Washington Weekly is IDFA’s update curating policy news from the nation’s capital. This week, President Trump asked his staff to begin writing terms for a potential trade pact with China. Also, new research commissioned by Purdue University and the Farm Foundation shows that Canada’s and Mexico’s retaliatory tariffs will cause U.S. agricultural exports to decline, despite any gains made in the new trilateral trade pact. Six countries ratified the Comprehensive and Progressive Agreement for Trans-Pacific Partnership, which is the minimum requirement for the trade pact, involving 11 countries, to go into effect by the end of the year. The Department of Labor also released its October Jobs Report, which showed solid economic growth.
Trump’s Cabinet to Draft US-China Trade Pact
President Trump last week asked key members of his administration to begin writing potential pact terms for a possible trade deal with China. Trump’s request comes after his call with China’s president Xi on Thursday, which both sides called “constructive discussions on North Korea and trade.” After the request became public, Larry Kudlow, White House economic advisor to the president, quickly dismissed the idea that this movement means the United States and China are “on the cusp of a deal.” Read more here.
US Agriculture Fares Well in New NAFTA, but Tariff Struggles Remain
Research commissioned by Purdue University and the Farm Foundation found that the implementation of the U.S.-Mexico-Canada Agreement (USMCA) would greatly improve U.S. dairy market access and lead to an increase of agricultural exports. However, the retaliatory tariffs by Canada and Mexico on the United States will cause U.S. agricultural exports to decline if the tariffs are not lifted. The USMCA is set to be ratified by all three parties April 2019. Read the report here.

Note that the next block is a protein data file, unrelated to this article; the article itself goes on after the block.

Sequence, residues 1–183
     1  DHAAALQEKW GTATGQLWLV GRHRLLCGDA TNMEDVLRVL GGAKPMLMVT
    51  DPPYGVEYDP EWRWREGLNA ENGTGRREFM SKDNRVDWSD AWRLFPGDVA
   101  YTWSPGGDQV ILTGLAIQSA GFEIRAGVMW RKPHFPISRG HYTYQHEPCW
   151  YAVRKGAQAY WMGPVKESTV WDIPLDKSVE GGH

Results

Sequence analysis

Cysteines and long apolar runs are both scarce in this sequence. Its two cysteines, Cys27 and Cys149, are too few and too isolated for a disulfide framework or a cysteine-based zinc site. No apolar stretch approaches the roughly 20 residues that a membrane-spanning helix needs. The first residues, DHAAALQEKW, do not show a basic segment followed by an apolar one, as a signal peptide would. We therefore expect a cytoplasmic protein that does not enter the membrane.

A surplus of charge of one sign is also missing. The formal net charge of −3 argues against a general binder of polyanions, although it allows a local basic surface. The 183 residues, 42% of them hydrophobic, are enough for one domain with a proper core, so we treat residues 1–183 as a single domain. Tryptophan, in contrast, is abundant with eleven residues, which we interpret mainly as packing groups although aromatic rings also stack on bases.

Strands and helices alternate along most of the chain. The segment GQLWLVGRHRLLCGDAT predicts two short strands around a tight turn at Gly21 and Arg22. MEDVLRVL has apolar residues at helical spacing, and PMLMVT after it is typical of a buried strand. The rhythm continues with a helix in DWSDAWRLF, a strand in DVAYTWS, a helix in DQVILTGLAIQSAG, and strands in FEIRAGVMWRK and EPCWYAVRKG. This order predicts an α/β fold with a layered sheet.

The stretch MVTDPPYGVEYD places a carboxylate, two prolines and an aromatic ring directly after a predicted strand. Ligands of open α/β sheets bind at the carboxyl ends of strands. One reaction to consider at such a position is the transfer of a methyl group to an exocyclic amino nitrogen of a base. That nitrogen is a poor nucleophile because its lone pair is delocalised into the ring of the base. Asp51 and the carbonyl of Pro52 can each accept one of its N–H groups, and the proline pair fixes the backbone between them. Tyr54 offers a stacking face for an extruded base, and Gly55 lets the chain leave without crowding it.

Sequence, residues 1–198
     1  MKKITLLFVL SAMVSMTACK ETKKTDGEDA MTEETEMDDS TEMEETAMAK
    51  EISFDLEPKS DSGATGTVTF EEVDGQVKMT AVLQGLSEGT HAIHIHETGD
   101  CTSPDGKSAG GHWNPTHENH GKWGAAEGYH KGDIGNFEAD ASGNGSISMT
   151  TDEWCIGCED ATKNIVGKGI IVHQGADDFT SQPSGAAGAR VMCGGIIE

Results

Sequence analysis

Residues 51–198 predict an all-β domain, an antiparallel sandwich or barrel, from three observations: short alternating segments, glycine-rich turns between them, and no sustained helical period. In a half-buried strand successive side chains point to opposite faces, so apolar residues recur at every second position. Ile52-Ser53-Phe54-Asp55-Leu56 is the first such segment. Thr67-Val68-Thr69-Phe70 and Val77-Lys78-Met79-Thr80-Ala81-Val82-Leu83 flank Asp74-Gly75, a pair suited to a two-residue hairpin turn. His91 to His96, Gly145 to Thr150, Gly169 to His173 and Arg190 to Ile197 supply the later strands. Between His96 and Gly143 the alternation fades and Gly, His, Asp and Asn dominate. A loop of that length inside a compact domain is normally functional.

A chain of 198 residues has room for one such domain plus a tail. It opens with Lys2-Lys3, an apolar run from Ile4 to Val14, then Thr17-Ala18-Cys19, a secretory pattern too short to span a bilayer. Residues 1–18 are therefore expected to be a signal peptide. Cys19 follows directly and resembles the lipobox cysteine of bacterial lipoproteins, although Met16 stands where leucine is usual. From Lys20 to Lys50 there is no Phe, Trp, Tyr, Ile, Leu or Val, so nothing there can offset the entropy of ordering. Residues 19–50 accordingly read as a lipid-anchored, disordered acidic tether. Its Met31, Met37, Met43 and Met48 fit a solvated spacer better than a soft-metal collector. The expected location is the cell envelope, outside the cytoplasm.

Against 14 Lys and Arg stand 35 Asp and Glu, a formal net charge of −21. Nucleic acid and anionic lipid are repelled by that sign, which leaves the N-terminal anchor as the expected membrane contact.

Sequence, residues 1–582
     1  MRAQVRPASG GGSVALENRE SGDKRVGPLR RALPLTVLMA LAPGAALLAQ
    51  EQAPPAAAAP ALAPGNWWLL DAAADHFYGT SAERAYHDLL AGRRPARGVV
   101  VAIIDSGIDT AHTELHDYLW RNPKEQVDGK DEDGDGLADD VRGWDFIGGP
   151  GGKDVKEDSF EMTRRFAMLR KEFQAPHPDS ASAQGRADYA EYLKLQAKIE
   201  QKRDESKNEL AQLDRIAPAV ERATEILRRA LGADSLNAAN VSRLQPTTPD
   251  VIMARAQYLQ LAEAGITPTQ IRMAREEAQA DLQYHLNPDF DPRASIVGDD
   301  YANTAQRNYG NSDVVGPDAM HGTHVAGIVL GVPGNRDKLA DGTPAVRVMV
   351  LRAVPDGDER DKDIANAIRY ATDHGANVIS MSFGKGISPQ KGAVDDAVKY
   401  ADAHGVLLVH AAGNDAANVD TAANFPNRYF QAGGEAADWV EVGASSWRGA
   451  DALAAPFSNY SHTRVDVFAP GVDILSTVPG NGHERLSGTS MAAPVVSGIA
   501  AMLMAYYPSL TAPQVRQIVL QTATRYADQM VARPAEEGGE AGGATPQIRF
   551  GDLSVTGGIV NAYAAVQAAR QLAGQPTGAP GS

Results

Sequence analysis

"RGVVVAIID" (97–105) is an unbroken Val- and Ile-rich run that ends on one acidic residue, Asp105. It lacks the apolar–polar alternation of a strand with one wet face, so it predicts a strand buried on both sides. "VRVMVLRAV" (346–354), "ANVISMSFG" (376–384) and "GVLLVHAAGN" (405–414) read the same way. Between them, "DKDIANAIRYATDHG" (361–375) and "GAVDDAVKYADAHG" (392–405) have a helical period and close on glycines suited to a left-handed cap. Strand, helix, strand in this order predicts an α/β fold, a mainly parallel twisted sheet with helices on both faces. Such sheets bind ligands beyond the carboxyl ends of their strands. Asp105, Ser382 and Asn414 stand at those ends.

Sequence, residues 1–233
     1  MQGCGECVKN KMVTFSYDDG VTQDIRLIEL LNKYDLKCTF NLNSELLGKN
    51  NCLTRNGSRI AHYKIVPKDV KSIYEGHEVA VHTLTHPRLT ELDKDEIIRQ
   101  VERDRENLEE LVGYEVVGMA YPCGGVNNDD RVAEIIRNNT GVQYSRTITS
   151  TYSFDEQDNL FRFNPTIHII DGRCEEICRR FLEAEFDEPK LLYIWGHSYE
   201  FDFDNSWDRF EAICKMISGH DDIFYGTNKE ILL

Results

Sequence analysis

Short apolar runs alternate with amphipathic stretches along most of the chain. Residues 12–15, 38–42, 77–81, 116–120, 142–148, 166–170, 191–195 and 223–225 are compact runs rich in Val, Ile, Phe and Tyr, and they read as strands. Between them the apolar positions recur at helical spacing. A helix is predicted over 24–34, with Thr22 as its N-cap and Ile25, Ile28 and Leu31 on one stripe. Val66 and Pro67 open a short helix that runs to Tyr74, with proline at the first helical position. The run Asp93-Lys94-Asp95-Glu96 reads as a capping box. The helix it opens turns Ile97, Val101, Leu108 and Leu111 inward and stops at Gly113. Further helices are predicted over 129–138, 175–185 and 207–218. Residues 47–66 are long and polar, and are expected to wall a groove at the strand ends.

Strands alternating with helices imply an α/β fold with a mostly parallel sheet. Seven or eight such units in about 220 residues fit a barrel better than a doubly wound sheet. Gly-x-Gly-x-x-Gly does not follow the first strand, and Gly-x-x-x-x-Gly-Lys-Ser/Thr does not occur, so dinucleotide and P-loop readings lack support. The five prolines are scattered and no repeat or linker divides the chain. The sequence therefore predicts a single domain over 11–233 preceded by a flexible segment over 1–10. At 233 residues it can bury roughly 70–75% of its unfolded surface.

CPTPP Ratified by Six Countries, Trade Deal Enactment to Come
With six parties officially ratifying the pact, the Comprehensive and Progressive Agreement for Trans-Pacific Partnership will enter into force by the end of 2018. The pact, which is a modified version of the Trans-Pacific Partnership that emerged after the United States withdrew, addresses several key aspects of global trade, including trade remedies, regulatory coherence with goods and services and dispute settlement clauses. Canada, Japan, Mexico, Singapore, Australia and New Zealand have ratified the deal. Read more here.
October Jobs Report: Higher Wages and 250,000 Jobs
The October Jobs Report released by the Department of Labor last Thursday shows low unemployment and higher wages, as well as an added 250,000 jobs to the U.S. economy. Consumer and business executives’ confidence in the economy remains high, with a 3.5 percent growth rate in the third quarter. Read more here.